Do you ever wonder how many of your total calories come from added sugars? Grains? Dairy products? Added fats?
You’d have to do some detailed nutrient analysis to get your personal numbers, but if you’d like U.S. averages, see this cool infographic at Civil Eats.
The graph also shows how many calories are or were available for consumption per capita over time (without accounting for wastage in restaurants). It’s based on U.S. Department of Agriculture data.
A superficial glance suggests that U.S. per capita daily calorie consumption has increased by about 600 from the 1970s until now. But remember, these numbers don’t discount for restaurant wastage. Nor do I see an adjustment for children versus adults. I’ve seen other calculations of and extra daily 150 calories (women) to 300 calories (men). Even the lower numbers could explain our explosion of overweight and obesity.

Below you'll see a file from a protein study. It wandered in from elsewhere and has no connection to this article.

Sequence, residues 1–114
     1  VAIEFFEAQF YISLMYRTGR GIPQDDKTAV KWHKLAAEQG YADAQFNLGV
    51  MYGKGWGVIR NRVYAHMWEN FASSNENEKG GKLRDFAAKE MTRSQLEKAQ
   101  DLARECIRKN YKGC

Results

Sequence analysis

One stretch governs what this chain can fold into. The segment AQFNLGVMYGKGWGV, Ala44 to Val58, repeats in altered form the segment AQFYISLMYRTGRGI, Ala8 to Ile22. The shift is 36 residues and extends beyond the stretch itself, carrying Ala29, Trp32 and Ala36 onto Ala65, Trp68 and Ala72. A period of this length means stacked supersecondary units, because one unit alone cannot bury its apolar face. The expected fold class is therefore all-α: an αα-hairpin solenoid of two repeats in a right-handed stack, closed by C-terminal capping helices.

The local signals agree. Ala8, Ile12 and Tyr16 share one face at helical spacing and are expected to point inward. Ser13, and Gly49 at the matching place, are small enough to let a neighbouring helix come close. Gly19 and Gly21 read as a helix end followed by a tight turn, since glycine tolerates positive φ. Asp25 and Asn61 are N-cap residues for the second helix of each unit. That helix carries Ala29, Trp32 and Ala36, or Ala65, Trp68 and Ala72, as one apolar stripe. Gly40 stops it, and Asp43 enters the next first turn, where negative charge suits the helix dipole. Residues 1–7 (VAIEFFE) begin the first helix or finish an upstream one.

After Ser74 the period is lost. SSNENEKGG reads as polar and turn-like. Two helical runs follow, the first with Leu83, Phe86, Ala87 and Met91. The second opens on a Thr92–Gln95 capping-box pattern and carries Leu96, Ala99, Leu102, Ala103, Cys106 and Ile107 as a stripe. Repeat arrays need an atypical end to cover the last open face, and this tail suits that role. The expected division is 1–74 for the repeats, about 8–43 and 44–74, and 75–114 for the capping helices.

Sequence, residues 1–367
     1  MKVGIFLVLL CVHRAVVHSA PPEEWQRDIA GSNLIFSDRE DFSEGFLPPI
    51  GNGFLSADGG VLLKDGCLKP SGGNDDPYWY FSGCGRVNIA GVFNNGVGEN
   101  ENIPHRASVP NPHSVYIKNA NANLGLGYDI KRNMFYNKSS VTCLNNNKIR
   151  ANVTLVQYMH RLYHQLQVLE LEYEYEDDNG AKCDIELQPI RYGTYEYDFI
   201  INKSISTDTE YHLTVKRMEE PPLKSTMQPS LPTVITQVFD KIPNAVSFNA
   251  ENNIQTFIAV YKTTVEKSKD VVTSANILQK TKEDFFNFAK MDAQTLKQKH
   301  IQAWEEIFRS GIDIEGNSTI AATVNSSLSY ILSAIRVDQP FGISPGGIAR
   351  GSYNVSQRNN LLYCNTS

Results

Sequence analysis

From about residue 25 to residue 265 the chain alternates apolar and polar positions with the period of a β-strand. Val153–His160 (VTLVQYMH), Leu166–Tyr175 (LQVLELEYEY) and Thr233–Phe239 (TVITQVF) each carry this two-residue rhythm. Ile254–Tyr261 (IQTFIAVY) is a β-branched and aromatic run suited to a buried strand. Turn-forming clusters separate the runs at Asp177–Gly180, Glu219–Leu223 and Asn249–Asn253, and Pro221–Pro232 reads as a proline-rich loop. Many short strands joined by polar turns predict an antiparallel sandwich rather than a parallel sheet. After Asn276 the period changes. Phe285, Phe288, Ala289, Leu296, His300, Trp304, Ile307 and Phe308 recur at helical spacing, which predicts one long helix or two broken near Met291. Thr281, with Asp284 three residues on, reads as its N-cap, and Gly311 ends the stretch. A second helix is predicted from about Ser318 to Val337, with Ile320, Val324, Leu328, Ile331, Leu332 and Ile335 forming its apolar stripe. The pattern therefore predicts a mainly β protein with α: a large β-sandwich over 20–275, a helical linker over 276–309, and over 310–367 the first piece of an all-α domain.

The infographic suggests that U.S. average daily calorie consumption is 2,673. Based on NHANES data, it’s probably closer to 2,250.
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